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Question tags

Do you know how to use question tags like is he and didn't you?

Look at these examples to see how question tags are used.

You haven't seen this film, have you?
Your sister lives in Spain, doesn't she?
He can't drive, can he?

Try this exercise to test your grammar.

Grammar test 1

Question tags: Grammar test 1

Read the explanation to learn more.

Grammar explanation

We can add question tags like isn't it?, can you? or didn't they? to a statement to make it into a question. Question tags are more common in speaking than writing.

We often use question tags when we expect the listener to agree with our statement. In this case, when the statement is positive, we use a negative question tag.

She's a doctor, isn't she?
Yesterday was so much fun, wasn't it?

If the statement is negative, we use a positive question tag. 

He isn't here, is he?
The trains are never on time, are they?
Nobody has called for me, have they?

If we are sure or almost sure that the listener will confirm that our statement is correct, we say the question tag with a falling intonation. If we are a bit less sure, we say the question tag with a rising intonation.


If there is an auxiliary verb in the statement, we use it to form the question tag.

I don't need to finish this today, do I?
James is working on that, isn't he?
Your parents have retired, haven't they?
The phone didn't ring, did it?
It was raining that day, wasn't it?
Your mum hadn't met him before, had she?

Sometimes there is no auxiliary verb already in the statement. For example, when:

... the verb in the statement is present simple or past simple and is positive. Here we use don't, doesn't or didn't:

Jenni eats cheese, doesn't she?
I said that already, didn't I? 

... the verb in the statement is to be in the present simple or past simple. In this case we use to be to make the question tag:

The bus stop's over there, isn't it?
None of those customers were happy, were they?

... the verb in the statement is a modal verb. Here we use the modal verb to make the question tag:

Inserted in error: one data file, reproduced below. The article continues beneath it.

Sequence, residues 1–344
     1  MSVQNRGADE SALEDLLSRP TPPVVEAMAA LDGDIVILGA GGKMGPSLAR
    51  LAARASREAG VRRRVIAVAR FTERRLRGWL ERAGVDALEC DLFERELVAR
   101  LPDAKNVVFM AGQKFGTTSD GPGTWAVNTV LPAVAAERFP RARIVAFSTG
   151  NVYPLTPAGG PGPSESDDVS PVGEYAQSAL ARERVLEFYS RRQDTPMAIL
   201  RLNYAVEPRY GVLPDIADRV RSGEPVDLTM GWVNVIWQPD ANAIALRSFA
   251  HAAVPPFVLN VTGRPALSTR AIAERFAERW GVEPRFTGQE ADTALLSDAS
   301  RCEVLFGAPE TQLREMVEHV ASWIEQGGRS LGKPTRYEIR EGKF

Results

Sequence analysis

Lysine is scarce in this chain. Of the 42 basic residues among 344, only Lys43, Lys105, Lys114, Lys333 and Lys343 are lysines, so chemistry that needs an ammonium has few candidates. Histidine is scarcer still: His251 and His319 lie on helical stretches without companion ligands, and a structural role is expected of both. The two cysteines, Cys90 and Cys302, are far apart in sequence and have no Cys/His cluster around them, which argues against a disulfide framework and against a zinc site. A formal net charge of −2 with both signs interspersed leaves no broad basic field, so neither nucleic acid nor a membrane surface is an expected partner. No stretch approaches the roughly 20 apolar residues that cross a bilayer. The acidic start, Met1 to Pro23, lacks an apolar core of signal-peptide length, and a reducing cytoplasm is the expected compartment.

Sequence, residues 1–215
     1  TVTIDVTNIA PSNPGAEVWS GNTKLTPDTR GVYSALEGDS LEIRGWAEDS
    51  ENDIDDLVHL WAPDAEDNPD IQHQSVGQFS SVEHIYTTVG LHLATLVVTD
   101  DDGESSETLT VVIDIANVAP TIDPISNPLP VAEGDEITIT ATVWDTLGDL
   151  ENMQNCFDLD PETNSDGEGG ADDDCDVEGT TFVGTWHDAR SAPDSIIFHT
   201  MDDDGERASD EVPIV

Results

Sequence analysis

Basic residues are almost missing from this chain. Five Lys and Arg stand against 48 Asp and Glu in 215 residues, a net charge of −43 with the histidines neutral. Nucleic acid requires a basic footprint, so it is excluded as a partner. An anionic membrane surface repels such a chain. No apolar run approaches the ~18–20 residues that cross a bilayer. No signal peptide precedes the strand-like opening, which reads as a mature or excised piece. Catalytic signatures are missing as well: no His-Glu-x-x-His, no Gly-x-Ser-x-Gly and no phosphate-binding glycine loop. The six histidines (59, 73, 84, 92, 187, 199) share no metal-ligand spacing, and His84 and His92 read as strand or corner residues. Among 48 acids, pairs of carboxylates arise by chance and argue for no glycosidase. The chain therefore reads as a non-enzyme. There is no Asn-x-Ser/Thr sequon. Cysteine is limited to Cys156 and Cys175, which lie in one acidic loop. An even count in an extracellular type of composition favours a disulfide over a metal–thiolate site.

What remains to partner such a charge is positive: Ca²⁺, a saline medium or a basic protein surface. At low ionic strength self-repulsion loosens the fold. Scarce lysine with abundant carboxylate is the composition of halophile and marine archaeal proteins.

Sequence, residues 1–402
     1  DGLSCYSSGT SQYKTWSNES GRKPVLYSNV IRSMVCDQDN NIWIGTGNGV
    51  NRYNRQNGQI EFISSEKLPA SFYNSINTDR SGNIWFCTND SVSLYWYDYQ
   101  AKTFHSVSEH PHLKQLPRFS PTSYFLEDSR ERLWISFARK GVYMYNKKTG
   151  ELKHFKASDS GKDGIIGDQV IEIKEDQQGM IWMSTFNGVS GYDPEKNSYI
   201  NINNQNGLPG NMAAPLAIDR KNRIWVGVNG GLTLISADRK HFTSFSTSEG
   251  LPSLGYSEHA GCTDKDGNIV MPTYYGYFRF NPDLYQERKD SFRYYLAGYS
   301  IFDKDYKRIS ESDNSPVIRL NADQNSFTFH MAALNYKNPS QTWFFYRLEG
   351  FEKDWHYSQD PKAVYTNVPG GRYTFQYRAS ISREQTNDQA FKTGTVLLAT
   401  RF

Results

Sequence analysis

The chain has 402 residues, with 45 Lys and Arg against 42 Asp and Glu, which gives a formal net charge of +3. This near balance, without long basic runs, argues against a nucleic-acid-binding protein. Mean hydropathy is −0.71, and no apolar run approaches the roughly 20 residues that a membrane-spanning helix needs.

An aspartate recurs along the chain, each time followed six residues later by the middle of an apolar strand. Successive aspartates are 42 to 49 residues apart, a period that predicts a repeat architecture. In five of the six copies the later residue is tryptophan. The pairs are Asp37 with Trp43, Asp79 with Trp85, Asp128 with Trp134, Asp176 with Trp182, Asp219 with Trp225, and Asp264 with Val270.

They could hear me, couldn't they?
You won't tell anyone, will you?

If the main verb or auxiliary verb in the statement is am, the positive question tag is am I? but the negative question tag is usually aren't I?:

I'm never on time, am I?
I'm going to get an email with the details, aren't I?

Do this exercise to test your grammar again.

Grammar test 2

Question tags: Grammar test 2

Language level

Intermediate: B1
Upper intermediate: B2


I am happy, aren't I?

Is this correct?

Hello Tim,

Yes, it is.

All the best,


The LearnEnglish Team

They weren't able to come, were they? Is it correct?

Hello Tim,

Yes, it is.

All the best,


The LearnEnglish Team

Hello. In a phrase with there, such as "There's never a clean bag, ...?" Would the tag be "isn't there?" Or "is there?"
Does "never" affect the verb so it's taken as "isn't" and consequently the tag is positive?: "..., is there?"

Hello Lauraduque,

The correct question tag here is 'is there' for exactly the reason you ask about. Nice job!

All the best,


The LearnEnglish Team

Hello! I had an argument with my english teacher about this exercise:
"Add the correct question tag"
"1. You went to Scotland, .......?"
And he said that the answer was "didn't you" but I told him the actual answer was "don't you"
Can someone tell who was right?

Hello JustAStudent,

Your teacher is right. The tense of the question tag matches the tense of the verb 'went' (past simple).

All the best,


The LearnEnglish Team

How to change below statement to question form using the question word.

1)Peter told you the truth of the accident. (who)

2)They can read some fiction story. (what)

Thank you in advance & have a good day :)

Hello rosemoon,

Generally, we don't provide answers to grammar tasks or exercises like this. We're happy to provide explanations to help our users understand better, but we don't want to do users' homework or tests for them!

I can tell you that you need a subject question for the first one, and an object question for the second. You can read about how these are formed on this page:



The LearnEnglish Team